December 5, 2012
Fossil Discovery May Be Of Earliest Dinosaur Known
Lawrence LeBlond for redOrbit.com - Your Universe Online
Some of the earliest known dinosaurs to have walked the planet were considered to be small dinosaurs like the swift-footed Eoraptor. But researchers have discovered a new dinosaur-like fossil that may be even older. Called Nyasasaurus parringtoni, the specimen is thought to have existed 10 to 15 million years earlier than dinosaur fossils have previously shown, originating in the Middle rather than the Late Triassic Period.
Study lead author Sterling Nesbitt, a University of Washington postdoctoral researcher in biology, said if this “newly named Nyasasaurus parringtoni is not the earliest dinosaur, then it is the closest relative found so far.” His paper is published online today in the Royal Society´s Biology Letters journal.
Paul Barrett, with the Natural History Museum in London, told BBC News that this specimen “fills a gap between what we previously knew to be the oldest dinosaurs and their other closest relatives“¦ There was this big gap in the fossil record where dinosaurs should've been present and this fossil neatly fills that gap.”
Nesbitt said scientists have long suggested that dinosaurs should have existed in the Middle Triassic, but there hasn´t been any conclusive proof of that to date. “Some scientists used fossilized footprints, but we now know that other animals from that time have a very similar foot. Other scientists pointed to a single dinosaur-like characteristic in a single bone, but that can be misleading because some characteristics evolved in a number of reptile groups and are not a result of a shared ancestry.”
If the newly named species proves not to be a dinosaur, yet only a close relative, then the Middle Triassic dinosaur theory would still prove inconclusive.
With that being said, the team said they cannot definitively say their new specimen is the earliest known dinosaur due to insufficient material: one upper arm bone and six vertebrae.
The team said it is difficult to sort out the early evolution of dinosaurs because they were so closely related to a variety of reptiles that proliferated at the time. However, the research team, which also included Sarah Werning from the University of California at Berkeley, noticed a few features in the fossil that were distinctive of dinosaurs, notably the “elongated deltopectoral crest” that served as an anchor for strong pectoral muscles.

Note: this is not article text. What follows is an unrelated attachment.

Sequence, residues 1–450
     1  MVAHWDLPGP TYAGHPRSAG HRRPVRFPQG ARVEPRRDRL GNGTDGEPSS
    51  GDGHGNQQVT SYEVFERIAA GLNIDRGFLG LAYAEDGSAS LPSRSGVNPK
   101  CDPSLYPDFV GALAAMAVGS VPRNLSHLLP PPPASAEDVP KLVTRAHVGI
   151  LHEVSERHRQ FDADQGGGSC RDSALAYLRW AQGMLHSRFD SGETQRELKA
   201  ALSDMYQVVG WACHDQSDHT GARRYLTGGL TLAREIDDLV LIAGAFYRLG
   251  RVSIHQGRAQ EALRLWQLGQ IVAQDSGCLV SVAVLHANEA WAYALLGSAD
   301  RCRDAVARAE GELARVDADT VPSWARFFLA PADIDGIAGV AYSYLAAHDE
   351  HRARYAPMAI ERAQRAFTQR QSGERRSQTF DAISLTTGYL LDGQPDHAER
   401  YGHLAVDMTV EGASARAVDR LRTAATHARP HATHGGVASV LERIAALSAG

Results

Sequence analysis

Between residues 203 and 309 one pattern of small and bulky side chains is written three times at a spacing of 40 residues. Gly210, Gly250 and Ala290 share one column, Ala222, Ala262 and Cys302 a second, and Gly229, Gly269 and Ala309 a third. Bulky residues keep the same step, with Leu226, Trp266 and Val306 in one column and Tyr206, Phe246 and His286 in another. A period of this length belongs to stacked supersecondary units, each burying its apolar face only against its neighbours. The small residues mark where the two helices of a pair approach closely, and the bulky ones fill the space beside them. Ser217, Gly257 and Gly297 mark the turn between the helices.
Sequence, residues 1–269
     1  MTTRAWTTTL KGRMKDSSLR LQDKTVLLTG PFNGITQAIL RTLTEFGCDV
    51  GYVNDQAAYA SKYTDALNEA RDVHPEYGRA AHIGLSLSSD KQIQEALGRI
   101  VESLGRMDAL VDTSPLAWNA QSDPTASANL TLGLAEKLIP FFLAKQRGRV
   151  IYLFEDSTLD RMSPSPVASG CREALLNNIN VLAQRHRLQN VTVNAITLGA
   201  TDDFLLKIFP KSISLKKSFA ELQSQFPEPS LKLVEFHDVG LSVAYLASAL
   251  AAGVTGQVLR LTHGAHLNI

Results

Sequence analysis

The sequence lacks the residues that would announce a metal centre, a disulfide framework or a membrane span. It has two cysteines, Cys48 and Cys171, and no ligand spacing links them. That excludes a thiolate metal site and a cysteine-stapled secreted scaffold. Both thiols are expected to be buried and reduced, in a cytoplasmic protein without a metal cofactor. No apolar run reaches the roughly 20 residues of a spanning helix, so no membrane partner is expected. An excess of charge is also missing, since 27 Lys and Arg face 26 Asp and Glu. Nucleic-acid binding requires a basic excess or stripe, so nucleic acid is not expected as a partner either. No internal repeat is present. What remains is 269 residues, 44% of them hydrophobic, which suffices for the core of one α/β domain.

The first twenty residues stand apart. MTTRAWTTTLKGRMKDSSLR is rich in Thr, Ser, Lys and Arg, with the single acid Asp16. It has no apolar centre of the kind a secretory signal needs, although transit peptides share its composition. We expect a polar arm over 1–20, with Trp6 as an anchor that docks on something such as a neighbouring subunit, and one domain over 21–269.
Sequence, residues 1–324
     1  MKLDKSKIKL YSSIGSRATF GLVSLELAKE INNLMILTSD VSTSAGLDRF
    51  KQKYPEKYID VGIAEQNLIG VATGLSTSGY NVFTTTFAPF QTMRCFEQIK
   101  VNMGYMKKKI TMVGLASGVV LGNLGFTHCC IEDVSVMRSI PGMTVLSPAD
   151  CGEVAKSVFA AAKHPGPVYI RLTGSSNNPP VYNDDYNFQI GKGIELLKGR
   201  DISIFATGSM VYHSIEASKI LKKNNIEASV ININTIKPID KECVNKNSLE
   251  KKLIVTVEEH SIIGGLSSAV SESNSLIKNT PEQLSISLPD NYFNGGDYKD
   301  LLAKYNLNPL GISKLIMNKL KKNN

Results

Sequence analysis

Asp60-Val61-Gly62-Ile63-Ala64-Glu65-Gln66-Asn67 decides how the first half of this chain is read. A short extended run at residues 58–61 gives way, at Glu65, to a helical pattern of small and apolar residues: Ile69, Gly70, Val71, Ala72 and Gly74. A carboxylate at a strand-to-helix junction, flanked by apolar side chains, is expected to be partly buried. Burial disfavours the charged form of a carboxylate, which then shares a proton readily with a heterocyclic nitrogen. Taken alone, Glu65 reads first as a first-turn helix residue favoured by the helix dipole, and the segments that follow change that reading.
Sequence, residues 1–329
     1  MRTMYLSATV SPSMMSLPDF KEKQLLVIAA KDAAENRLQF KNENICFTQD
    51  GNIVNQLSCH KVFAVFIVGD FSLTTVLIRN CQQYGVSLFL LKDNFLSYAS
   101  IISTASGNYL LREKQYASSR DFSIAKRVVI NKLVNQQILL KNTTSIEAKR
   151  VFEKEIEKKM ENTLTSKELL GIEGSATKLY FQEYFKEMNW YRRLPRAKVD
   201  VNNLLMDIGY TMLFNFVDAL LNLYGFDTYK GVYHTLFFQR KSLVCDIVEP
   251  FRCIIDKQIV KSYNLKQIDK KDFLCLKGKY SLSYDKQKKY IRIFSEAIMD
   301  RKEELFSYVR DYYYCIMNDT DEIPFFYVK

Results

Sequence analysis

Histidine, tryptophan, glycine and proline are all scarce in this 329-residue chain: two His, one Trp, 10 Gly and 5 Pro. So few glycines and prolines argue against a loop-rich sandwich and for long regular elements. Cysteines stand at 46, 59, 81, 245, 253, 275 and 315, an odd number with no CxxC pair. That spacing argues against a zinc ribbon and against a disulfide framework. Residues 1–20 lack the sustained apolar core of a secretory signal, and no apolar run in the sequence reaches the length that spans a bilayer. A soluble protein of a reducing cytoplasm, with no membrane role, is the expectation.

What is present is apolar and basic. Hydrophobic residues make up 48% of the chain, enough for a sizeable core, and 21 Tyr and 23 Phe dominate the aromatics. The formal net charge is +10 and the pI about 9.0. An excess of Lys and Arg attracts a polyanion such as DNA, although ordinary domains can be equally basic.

Nesbitt, who also led a 2010 study that described an animal group–Silesaurs–calling it the dinosaurs´ oldest relative, said based on the fossil fragments described, the team estimates the animal stood upright, was 7 to 10 feet in length, 3 feet tall at the hip, and weighed in the neighborhood of 135 pounds.
The fossil fragments were collected in Tanzania in the 1930s, although it is difficult to say if dinosaurs actually originated in that region. When N. parringtoni was alive, the world´s continents were joined together as one supercontinent called Pangaea. Tanzania would have been part of Southern Pangaea, which included Africa, South America, Antarctica and Australia.
It is safe to say, based on the new fossil description, that dinosaurs´ lineage derived from the southern continents, a region where Archosaurs, one of the earliest animal groups linked to dinosaur evolution, derive, according to the researchers.
This finding “takes dinosaurs back to the right kind of time when those two groups would have split apart from each other,” added Barrett
He explained that during this time, dinosaurs would not have been as dominant as they later became. This would have been an early point in the evolutionary scale for dinosaurs, a time “when lots of reptile groups are evolving,” noted Barrett.
“Dinosaurs start out as a very insignificant group of reptiles - all relatively small animals, relatively rare in comparison with other reptile groups - and it's only a bit later in their history that they suddenly explode and take over as the dominant forms of life for nearly 100 million years,” he added.
Werning, who conducted the bone analysis for the research, said the bone tissues of N. parringtoni “had a lot of bone cells and blood vessels“¦ In living animals, we only see this many bone cells and blood vessels in animals that grow quickly, like some mammals or birds.”
“The bone tissue of Nyasasaurus is exactly what we would expect for an animal at this position on the dinosaur family tree,” she added. “It´s a very good example of a transitional fossil; the bone tissue shows that Nyasasaurus grew about as fast as other primitive dinosaurs, but not as fast as later ones.”
“Nyasasaurus and its age have important implications regardless of whether this taxon is a dinosaur or the closest relatives of dinosaurs,” Nesbitt said. “It establishes that dinosaurs likely evolved earlier than previously expected and refutes the idea that dinosaur diversity burst onto the scene in the Late Triassic, a burst of diversification unseen in any other groups at that time.”
“Dinosaurs are just part of this archosaur diversification, an explosion of new forms soon after the Permian extinction,” Nesbitt said.
The specimen researchers described came from a collection at the Natural History Museum in London. Four vertebrae from a second specimen, also used in the research, are housed in a museum in Cape Town, South Africa. Funding for the research came from the National Science Foundation (NSF) and the Natural History Museum in London.
While the species name parringtoni is new, the genus name Nyasasaurus is not. The name is derived from Nyasa, a lake in Africa located between Malawi and Tanzania, and saurus, meaning lizard. The genus was named by late paleontologist Alan Charig. The species name parringtoni is in honor of University of Cambridge´s Rex Parrington, who discovered the fossils in the 1930s.